Netflix's new series Warrior Nun pulls no punches. Based on the comic book series Warrior Nun Areala by Ben Dunn, the series follows a young woman, Ava (Alba Baptista) who wakes up in a morgue with an unexpected new lease on life -- and a divine artifact embedded in her back that makes her part of the ancient Order of the Cruciform Sword who, along with her fellow Warrior Sisters, is tasked with fighting demons as well as powerful forces from both heaven and hell who wish to control her.
A key figure in Ava's story is Shotgun Mary, the most badass of the Warrior Sisters who is something of a vigilante in her own right. Brought to life by Toya Turner, Shotgun Mary is one of Warrior Nun's most fascinating and engaging characters. From her use of guns as a weapon of choice (hence the Shotgun Mary name) to her motorcycle, and some truly epic fight scenes, Turner's Shotgun Mary is a true force to be reckoned with. ComicBook.com recently had a chance to chat with Turner all about the incredible character, how she prepared for this soon-to-be-iconic role, and the importance of representation and diversity in entertainment.
Read on for our chat with Turner below.
ComicBook.com: What drew you to this amazing role?
Toya Turner: I mean, well first the name. The name is iconic. Shotgun Mary, I've never heard anything like it. And to be honest, when I read the pilot script of it, I actually cried on one part and I was like, "Oh my God, where's that coming from?" It kind of just touched me, and especially with the scripts that I was getting at the time, I had the strongest reaction of Warrior Nun, so I was happy when my manager sent it over to me. I connected with it on a deep level that I ever had before an audition, if that makes sense.
It was just something I was just attracted to the script from the get go. Even the way I handled it in the process, I was like, "Wow, there's really no stress here. I'm having a good time on this." Yeah. It was really great.prevnext
Tell us a little bit about Shotgun Mary, because she's such a badass with no filter.
Yeah. She's this rebellious, rebellious woman who will learn your rules just so she can break the sh-t out of them. Like someone described her really good. I had read it on Twitter and I loved it so much. They were like, "She's the cool cousin that you want to show up to the cookout." And then she ends up coming the last 30 minutes. She comes, she parties and then she bounces. Perfect.prevnext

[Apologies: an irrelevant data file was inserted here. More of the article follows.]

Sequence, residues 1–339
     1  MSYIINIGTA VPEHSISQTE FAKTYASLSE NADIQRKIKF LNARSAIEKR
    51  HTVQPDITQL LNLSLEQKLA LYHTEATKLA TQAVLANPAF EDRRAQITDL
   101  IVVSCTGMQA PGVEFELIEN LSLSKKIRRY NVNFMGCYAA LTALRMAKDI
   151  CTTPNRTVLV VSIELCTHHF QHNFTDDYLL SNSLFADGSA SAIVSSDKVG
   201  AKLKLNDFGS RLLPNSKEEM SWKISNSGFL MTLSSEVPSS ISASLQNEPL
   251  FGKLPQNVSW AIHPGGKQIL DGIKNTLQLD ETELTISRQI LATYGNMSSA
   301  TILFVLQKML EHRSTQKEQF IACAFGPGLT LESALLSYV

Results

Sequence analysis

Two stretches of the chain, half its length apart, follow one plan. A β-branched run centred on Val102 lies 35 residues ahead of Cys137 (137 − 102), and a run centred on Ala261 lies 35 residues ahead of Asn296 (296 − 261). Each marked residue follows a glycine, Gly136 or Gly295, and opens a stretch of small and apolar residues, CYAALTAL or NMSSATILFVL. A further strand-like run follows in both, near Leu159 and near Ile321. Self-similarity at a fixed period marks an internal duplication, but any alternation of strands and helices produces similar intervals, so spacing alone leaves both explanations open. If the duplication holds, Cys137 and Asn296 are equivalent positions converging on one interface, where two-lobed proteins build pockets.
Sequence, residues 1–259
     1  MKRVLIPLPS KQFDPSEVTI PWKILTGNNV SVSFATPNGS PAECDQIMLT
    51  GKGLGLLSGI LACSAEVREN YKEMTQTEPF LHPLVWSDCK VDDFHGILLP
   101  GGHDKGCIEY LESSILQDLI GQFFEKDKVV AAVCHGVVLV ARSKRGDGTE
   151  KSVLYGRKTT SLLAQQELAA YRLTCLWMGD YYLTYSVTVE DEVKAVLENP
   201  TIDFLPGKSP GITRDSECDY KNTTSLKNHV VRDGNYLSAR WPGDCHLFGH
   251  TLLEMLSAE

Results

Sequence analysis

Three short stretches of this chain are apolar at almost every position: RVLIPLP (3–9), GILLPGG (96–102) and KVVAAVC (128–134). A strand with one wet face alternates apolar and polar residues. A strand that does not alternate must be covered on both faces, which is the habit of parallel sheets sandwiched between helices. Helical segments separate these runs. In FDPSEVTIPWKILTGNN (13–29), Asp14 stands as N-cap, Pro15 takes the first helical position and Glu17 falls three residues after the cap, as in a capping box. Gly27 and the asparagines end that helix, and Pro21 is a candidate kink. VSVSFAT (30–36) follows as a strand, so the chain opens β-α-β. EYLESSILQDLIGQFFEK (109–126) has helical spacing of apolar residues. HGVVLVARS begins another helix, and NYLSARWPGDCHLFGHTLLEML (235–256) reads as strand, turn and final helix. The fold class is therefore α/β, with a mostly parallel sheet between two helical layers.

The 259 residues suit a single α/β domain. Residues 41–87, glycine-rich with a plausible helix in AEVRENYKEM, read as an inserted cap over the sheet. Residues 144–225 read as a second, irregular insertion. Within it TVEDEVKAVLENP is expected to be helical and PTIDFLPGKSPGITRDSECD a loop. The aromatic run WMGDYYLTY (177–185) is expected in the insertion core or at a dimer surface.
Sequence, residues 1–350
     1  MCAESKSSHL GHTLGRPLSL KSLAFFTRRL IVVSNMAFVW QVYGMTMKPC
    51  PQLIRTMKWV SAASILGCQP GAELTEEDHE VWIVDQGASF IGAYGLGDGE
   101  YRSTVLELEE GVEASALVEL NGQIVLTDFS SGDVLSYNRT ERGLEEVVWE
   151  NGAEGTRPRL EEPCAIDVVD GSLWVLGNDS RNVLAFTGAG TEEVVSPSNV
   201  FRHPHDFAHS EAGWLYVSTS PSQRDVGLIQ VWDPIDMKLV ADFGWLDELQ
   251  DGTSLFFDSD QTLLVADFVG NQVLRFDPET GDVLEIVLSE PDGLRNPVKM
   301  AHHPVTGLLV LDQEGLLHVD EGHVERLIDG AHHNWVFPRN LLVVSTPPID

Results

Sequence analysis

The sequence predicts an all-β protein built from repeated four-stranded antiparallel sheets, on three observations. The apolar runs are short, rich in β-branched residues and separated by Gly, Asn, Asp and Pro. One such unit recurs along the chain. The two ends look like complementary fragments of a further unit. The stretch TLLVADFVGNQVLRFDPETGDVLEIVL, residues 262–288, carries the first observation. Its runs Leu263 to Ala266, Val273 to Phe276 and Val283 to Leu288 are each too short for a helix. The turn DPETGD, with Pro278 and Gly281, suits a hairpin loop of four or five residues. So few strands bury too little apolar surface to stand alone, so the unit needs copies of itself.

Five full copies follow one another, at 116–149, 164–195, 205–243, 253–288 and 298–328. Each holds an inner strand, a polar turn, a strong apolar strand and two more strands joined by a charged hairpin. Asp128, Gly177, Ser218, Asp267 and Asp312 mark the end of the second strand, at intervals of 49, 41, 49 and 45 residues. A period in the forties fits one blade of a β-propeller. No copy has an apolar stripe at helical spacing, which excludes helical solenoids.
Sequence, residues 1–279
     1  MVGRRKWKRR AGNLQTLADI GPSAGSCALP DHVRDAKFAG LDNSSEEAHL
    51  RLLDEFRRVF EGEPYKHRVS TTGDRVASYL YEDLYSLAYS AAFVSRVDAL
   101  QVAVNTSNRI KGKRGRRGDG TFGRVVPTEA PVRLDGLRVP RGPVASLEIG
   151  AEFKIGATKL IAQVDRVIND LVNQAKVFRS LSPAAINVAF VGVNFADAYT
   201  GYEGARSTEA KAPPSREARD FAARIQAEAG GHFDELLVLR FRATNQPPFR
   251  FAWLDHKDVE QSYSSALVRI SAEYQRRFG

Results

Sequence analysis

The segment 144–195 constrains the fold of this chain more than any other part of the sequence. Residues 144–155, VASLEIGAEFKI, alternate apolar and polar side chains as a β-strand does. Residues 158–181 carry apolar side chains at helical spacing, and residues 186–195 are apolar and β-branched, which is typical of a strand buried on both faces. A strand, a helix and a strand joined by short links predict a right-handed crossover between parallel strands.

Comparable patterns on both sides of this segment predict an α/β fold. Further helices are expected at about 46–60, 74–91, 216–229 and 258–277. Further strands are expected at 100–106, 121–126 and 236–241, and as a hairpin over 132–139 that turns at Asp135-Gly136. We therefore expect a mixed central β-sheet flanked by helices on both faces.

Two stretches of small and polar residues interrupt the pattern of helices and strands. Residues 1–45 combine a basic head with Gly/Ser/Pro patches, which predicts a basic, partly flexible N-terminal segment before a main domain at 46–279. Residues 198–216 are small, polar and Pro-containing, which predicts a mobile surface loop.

She is incredible. And one of the things about her that's really cool is she's, in some respects, defined by her guns, which is like, here she's this crazy badass, she's got these she's epic with her weapons, she's got no filter. Was there any specific kind of training you had to undergo to be able to wield all that?
Yes. Yes. Well, as far as weapons training come, my dad is a retired cop, so I've been to the range a few times. But as soon as I got off the plane, they threw me into this warehouse, and we just started training for a minimum of four hours a day. And one of the things they had told me was they had different versions of my shotgun and they would get lighter or softer as they went on. But majority of the shots that they wanted to do, I would have to hold the real one.
Oh my goodness. And it's just because they wanted to shoot upside the barrel and get these really cool shots. So it was just a lot of holding up the shotgun, holding it up in periods of time.
And some of those are fairly heavy, detailed weapons.
They were very heavy. Very, very heavy. It was like the shake test. I needed you to hold this up and not shake. Yeah. They were kicking my ass a little bit, but my arms appreciated it for sure.
I bet there's some definition there from that at this point.
Oh yeah. Shotgun Mary has helped me a lot with my physique for sure. I don't know if I was just really lazy or what, but she definitely woke me up for sure.prevnext
Well, and speaking of the physical elements, there's the guns, there's the motorcycle, but she's also not just a physical character. She's also got quite a bit of personality as well. And there are points in watching the show, it feels less like I'm watching a show and seeing a character, but instead Shotgun Mary kind of just becomes a real person coming at me through the TV. Was it difficult getting to that point with the character? Or was there a moment where you felt like, "Oh no, I am Shotgun Mary. This is how it is."